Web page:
Palabras claves: Adenosina desaminasa, interferón gamma, interleucina-6, marcadores, derrame pleural




Pleural effusion is a common diagnostic problem and may be caused by systemic or local diseases (1). The failure to establish a cause for pleural disease is a frequent problem faced during clinical diagnosis. Pleural effusion can occur as a complication of many different diseases. The most frequent diagnostic causes of such effusions are neoplasms and tuberculosis (2), and frequency of one over another depends upon the population of patients studied.

Tuberculous pleural effusion shows nonspecific clinical presentation and the paucibacillary nature presents a diagnostic challenge. Conventional laboratory methods to diagnose such effusions are not very effective because tubercle bacilli are rarely seen in direct examinations of pleural fluid, and biopsy specimens and cultures are positive in less than 50% (3). Malignant pleural effusions are mostly caused due to direct invasion of the pleura by malignant cells, or by the presence of a local mediastinal tumour causing bronchial obstruction (4) and can be diagnosed only by demonstrating malignant cells in pleural fluid or pleural tissue. Biological markers have been proposed to establish a cause of pleural effusion. Among all markers, interleukin-6 (IL-6), gamma interferon (IFN-γ) and adenosine deaminase (ADA) were found to have significant roles in such effusion.

Interleukin-6 is considered as a marker of immune response to any inflammation which regulates cellular immune responses (5). The level of IL-6 was significantly higher in tuberculous effusion than other effusions (6), suggesting that it is produced locally in the pleural space. Gamma interferon is a glycoprotein, produced mainly by natural killer cells and T-helper 1 cells in response to IL-2. Pleural interferon (IFN-γ) levels are also valuable in the diagnosis of pleural tuberculosis, even among different patient subgroups (7). Adenosine deaminase is responsible for lymphocyte differentiation and proliferation and shows significant increased value during immunological response of lymphocytes (8). Investigators have stated that pleural ADA activity is increased in tuberculous pleural effusions and have proposed the usefulness of pleural ADA in the discrimination of tuberculous and non-tuberculous pleural effusions (9, 10). It was found that IFN-γ and ADA are significantly higher in tuberculous pleural effusion than in other types of pleural effusions (11).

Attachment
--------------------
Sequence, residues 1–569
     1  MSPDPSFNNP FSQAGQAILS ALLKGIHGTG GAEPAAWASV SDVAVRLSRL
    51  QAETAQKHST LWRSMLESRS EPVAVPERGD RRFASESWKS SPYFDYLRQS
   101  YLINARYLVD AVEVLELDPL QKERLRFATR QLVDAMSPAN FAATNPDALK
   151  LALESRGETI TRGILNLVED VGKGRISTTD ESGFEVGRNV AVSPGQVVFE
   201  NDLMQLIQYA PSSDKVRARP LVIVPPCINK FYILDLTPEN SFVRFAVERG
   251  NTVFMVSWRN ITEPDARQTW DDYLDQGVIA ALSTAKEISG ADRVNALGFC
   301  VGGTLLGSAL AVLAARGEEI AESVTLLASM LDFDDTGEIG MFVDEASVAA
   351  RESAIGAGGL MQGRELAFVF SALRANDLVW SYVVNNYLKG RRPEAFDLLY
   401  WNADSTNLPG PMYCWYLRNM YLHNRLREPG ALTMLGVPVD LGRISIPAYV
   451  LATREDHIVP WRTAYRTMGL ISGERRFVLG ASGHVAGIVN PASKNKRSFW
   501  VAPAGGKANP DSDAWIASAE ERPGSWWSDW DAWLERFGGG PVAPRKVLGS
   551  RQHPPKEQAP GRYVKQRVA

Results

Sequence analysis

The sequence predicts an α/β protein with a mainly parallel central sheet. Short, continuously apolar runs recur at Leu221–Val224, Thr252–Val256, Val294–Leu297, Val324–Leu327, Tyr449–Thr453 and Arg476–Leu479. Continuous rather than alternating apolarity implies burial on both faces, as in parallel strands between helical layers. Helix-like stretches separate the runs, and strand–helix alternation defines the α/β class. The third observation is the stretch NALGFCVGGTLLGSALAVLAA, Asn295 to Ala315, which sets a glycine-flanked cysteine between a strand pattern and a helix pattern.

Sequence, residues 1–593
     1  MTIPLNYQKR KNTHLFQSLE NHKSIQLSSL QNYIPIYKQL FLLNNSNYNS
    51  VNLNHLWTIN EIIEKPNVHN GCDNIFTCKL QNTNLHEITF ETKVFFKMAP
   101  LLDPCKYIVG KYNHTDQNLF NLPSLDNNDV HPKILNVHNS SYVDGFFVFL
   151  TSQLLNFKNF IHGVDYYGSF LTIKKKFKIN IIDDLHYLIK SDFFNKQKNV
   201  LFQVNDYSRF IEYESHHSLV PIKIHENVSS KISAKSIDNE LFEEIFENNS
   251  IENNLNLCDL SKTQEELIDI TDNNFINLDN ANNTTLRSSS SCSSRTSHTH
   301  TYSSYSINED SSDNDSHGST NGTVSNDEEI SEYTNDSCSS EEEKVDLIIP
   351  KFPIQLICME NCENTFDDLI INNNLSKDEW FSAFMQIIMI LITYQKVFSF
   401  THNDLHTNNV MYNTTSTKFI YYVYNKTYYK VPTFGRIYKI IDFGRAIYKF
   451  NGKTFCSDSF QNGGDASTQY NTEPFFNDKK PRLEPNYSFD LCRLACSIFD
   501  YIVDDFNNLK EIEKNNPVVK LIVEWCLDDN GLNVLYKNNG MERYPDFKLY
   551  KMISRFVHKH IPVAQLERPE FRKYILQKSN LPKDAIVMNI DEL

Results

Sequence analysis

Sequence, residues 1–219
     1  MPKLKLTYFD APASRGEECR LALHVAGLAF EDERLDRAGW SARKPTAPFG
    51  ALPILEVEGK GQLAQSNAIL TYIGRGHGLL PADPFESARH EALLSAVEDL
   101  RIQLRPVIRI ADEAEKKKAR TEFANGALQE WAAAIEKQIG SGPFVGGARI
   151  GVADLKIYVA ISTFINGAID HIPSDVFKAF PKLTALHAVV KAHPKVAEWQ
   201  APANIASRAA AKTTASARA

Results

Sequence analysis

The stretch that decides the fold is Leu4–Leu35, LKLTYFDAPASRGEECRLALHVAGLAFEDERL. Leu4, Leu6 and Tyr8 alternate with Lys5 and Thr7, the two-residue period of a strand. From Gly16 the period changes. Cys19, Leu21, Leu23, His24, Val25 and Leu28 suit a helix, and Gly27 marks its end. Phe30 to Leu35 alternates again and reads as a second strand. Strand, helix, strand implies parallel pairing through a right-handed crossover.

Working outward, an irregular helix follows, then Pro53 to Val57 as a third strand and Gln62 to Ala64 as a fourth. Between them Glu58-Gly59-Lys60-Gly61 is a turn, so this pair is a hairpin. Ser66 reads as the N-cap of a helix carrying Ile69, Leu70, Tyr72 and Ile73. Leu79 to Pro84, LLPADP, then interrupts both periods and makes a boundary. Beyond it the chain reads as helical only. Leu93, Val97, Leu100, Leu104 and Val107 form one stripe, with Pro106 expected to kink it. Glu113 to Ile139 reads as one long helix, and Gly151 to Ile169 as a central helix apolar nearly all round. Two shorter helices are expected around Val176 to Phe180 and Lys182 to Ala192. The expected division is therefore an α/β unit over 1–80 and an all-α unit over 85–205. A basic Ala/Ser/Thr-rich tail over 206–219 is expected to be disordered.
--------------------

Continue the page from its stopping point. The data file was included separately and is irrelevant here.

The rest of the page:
The aim of the present study was to establish if there is a difference among pleural effusion groups: malignant, parapneumonic and tuberculous, and to provide a diagnostic guide based on markers: IL-6, IFN-γ and ADA.



A total of 81 pleural fluid samples were collected prospectively from 81 consecutive patients with pleural effusion at Clinics of the Chest Department of el Iman Hospital, Riyadh. The protocol was approved by the hospital ethics committee, and consent was obtained from all subjects for the study. A full research sheet was prepared with complete clinical examination.

Every patient was subjected to plain chest X-ray and electrocardiogram (ECG) and sputum smears were examined by Ziehl-Neelsen stain. Pleural fluid was aspirated from every patient by thoracocentesis (performed under complete aseptic conditions); a part of the specimen was subjected to routine chemical analysis: pH, specific gravity, protein and glucose contents and Ziehl-Neelsen stained smear for detection of tubercle bacilli. A second sample was added to a tube containing ethylenediaminetetraacetic-potassium anticoagulant for total and differential cell counting. Bacterial cultures and cytological examinations were performed on all pleural effusions.

Diagnostic criteria for pleural effusions

The causative aetiology of the effusion was determined based on the clinical presentation and results of diagnostic test. Effusions were classified into the three groups based on defined criteria.

1) Malignant pleural effusion - diagnosed when malignant cells were detected on cytological examination of the pleural fluid or biopsy specimens, or histologically (with the exclusion of any other cause of pleural effusion).